The Shigir Idol (Russian: Шигирский идол), is the most ancient wooden sculpture in the world, made during the Mesolithic period, around 7,500 BCE. It is displayed in the "Historic Exhibition" Museum in Yekaterinburg, Russia.
The idol was discovered on January 24, 1894 at a depth of 4m in the peat bog of Shigir, on the eastern slope of the Middle Urals, approximately 100 km from Yekaterinburg. Investigations in this area had begun 40 years earlier after the discovery of a variety of prehistoric objects in an open-air gold mine.
It was extracted in several parts; professor D. I. Lobanov combined the main fragments to reconstitute a sculpture 2.80m high.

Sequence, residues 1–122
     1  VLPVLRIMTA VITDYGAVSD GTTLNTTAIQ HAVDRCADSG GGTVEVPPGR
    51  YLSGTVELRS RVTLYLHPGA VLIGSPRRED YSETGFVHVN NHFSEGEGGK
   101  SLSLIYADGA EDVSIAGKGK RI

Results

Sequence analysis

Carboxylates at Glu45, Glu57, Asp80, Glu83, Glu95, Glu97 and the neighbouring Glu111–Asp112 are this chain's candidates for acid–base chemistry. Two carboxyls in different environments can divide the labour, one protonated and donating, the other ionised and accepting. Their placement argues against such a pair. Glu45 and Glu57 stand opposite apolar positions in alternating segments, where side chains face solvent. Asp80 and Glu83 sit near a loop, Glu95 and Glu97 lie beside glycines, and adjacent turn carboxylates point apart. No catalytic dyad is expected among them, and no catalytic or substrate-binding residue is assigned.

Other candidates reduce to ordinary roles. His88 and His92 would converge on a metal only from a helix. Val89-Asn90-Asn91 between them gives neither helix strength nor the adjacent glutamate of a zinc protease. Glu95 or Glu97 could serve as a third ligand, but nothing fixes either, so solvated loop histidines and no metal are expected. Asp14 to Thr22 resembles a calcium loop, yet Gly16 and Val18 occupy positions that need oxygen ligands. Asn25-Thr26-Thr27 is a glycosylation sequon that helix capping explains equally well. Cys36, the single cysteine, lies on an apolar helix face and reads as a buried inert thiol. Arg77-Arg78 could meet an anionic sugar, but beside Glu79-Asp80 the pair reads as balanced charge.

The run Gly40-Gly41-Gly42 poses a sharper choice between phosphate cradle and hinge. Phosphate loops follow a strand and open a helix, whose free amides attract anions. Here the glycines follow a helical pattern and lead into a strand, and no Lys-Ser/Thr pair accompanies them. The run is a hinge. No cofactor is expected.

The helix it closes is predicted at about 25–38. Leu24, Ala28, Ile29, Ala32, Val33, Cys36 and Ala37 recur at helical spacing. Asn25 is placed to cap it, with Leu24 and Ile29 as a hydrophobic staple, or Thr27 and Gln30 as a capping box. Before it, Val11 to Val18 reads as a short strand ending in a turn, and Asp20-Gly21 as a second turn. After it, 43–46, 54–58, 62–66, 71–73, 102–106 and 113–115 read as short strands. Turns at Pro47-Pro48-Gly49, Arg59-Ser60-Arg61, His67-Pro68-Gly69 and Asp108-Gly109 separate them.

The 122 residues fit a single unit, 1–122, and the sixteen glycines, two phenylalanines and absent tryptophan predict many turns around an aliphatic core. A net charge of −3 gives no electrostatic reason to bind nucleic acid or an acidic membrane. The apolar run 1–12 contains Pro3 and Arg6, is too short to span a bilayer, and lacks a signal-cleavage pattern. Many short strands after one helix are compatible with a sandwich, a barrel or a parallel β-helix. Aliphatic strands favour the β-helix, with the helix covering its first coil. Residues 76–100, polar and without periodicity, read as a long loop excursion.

In 1914 the archaeologist Vladimir Tolmachev proposed a variant of this reconstruction by integrating the unused fragments.
Some of these fragments were later lost, so only Tolmachev's drawings of them remain.
The radiocarbon dating carried out by G. I. Zajtseva of the Institute of the History for the Material Culture in Saint-Petersburg, confirmed by the Institute of Geology of the Academy of Science of Russia in Moscow, gives an age of 9,500 years. It is the most ancient known wooden sculpture in the world.
Since 2003 the sculpture has been displayed in a glass box filled with inert gas. The head reproduces rather faithfully a face with eyes, nose, and mouth.
The body is flat and rectangular. Geometrical motifs decorate its surface. Horizontal lines at the level of the thorax seem to represent ribs, and lines broken in chevrons cover the rest of the body.
No consensus exists about the meaning of these motifs, or what the sculpture represented.